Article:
## Project Euler #71

After giving the problem a read, this is how I broke it down in my head. From the set $\{(n, d) \mid n find max($\frac{n}{d}$) where $\frac{n}{d} < \frac{3}{7}$. Let’s call $\frac{3}{7}$ target for simplicity. In order to do this efficiently I did not want to list down all the numbers as there would be $333332833333500000$ fractions to account for in that case. Instead I looked to find the fraction that would place to the immediate left of our target if it were included with all the fractions created with a certain value of d. That leaves us with 1e6 values to work with, significantly reducing the workload. So this value was determined using the simple simplification n = floor(target * d). This gives the largest integer n such that $\frac{n}{d} < \frac{3}{7}$. All of these fractions are compared to find the largest one and that is our answer fraction. Before we finish, we must reduce this fraction to its simplest form. This is easily done by dividing the numerator with the GCF of the numerator and the denominator. The GCF can be calculated using the python math module’s function or using a self written function of acceptable efficiency. This quotient gives us the final answer.

This algorithm found the answer in 0.8 seconds!

## (Don’t) Plug in to the future

Latest leaks online suggest Apple is going to the ship the soon-to-be-launched iPhone 12 with no chargers and ear-pods in the box. This has caused widespread debate in the online community; some call it a pure money-grab move from Apple and some consider it a sensible move. Let’s dive deeper into it and see.

## Background

Apple, since the very beginning, has had the habit of removing ports and virtually deleting technologies. The MacBook Pro in 2008 had 7 different types of ports and now well just 1. Now, I’m not going to argue over the power and capabilities of Thunderbolt 3 over USB-C. Personally, in an ideal world, it was the right move forwards. Up to 100W power delivery and 40 Gbps transfer speeds makes Thunderbolt 3 the port of the present. On to the next major removal – CD/DVD Drives. Apple included their ‘FusionDrive’ in Macs for years and then finally removed it at one keynote. In the coming few years it was no longer seen on any new Mac on the shelf. But this isn’t just about Macs. The iPhone itself received a port drop with the iPhone 7 – the 3.5mm audio jack. Now that was one change that stuck but soon enough other manufacturers followed Apple’s lead and now it seems like a thing of the past with wireless earbuds becoming a standard now.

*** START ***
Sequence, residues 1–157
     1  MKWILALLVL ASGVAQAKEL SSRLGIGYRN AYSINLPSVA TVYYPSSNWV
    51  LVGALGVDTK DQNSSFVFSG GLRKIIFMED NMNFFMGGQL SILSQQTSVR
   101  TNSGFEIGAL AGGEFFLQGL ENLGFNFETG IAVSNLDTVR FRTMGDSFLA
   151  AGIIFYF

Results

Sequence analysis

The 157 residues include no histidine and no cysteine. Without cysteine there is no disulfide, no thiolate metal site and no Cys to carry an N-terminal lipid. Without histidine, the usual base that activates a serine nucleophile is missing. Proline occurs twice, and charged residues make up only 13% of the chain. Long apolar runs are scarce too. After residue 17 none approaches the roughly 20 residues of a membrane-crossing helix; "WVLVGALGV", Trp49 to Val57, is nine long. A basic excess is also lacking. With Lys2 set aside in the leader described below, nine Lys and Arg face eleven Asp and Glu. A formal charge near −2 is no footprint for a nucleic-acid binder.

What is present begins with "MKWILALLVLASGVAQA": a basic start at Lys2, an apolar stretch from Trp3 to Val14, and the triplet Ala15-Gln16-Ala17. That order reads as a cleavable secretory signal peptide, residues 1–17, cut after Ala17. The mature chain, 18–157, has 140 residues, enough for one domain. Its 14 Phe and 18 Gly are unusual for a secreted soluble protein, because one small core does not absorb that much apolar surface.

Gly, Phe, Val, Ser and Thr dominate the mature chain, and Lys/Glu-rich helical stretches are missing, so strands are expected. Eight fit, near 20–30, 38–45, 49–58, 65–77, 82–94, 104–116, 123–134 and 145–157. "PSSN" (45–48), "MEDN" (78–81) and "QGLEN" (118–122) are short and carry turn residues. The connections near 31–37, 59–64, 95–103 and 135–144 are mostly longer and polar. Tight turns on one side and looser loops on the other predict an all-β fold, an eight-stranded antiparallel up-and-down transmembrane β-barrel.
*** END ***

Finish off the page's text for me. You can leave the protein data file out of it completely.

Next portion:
There is one similarity among all these moves; they were all done to improve the overall design and form factor of the devices. Removing the headphone jack from the iPhone allowed Apple more room to operate with inside the phone and also enabled them to incorporate better water proofing (IP67). Similarly, the removal of the DVD players allowed MacBooks to be significantly thinner in the future. Apple’s design team wishes to create the best overall package with their products. That means, they want the sleekest design while not compromising on performance. Arguably, the current MacBook lineup may have short comings in that regard, but one should have to look no further than the iPad Pro for this vision being implemented correctly.